A forlorn announcement of a beloved pet’s passing sometimes includes the expression crossing the rainbow bridge. While the phrase is common on social media, its origins date to the pre-Facebook days of the 1980s. Three authors have all claimed to have written a poem using the idiom, which refers to a mythical connection between heaven and Earth. On the crossing, pet and owner are said to be reunited. The idea of a rainbow-colored crossing may have stemmed from Norse mythology and the Bifröst bridge, which connected Midgard (the human world) and Asgard (the spiritual realm).

Dead as a Doornail

Dead as a doornail: door knocker and door nails are pictured.
These nails look pretty dead to us. / Roberto Machado Noa, Moment Collection, Getty Images

Why would anyone associate someone’s health—or lack thereof—with carpentry? The earliest usage of someone being referred to as dead as a doornail dates to a 1350 translation of the anonymous 12th-century French poem Guillaume de Palerne. William Shakespeare used it in Henry VI, Part 2, written around 1591, and Charles Dickens in 1843’s A Christmas Carol, writing that “Old Marley was as dead as a door nail,” then going on to explain (via the narrator) that he wasn’t quite sure why it wouldn’t be “coffin nail” thanks to its status as “the deadest piece of ironmongery in the trade.”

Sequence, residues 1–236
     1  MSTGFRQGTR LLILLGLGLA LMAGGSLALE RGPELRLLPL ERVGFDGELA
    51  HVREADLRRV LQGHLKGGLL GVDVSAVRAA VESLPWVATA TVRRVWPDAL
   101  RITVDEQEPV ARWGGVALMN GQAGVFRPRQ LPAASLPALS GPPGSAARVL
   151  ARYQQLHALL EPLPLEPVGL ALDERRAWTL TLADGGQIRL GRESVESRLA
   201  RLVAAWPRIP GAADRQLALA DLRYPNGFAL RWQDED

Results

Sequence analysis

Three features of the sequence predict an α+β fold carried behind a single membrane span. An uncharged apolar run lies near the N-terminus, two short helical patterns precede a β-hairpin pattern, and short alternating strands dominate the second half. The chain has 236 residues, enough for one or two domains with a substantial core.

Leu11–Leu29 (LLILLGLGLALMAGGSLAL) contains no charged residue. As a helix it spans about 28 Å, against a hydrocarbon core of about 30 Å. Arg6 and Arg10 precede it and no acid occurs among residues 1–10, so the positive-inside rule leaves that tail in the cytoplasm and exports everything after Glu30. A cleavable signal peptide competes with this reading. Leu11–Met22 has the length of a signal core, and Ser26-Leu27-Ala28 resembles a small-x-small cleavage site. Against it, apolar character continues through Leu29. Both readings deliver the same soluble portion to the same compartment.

One possible explanation is that wooden doors were often secured with nails that were hammered through and then bent on the protruding side for added strength. Once this “clenching” process was performed, the nail was basically useless for any other purpose. The idiom may also refer to the effort involved in driving the nail through the door. Struck with blunt force by a hammer, the nail was effectively “dead” from the trauma.

Pushing up Daisies

Pushing up daisies: spotlight on a daisy patch in summertime.
A nice turn of phrase for a truly ghoulish kind of situation. / Jackie Bale, Moment Collection, Getty Images

This gardening-related euphemism takes a pleasant visual (daisies) to soften the subject (the rotting corpse residing underneath). The earliest incarnation of the phrase may have been to turn ones toes to the daisies. A version appears in the story “The Babes in the Wood,” in Richard Harris Barham’s Ingoldsby Legends folklore collection of the 1840s, which used the expression “be kind to those dear little folks/When our toes are turned up to the daisies.” Another variation, “I shall very soon hide my name under some daisies,” was used by Scottish author George MacDonald in 1866.

Bite the Dust

Biting the dust? More like cleaning up dust with a feather duster, as pictured here.
Better to wipe it all away with a feather duster, right? / Grace Cary, Moment Collection, Getty Images

As much as Queen may deserve credit for popularizing the phrase (“Another One Bites the Dust”), they didn’t coin it. The idea of sudden death resulting in a body collapsing into dust has origins that date back far earlier.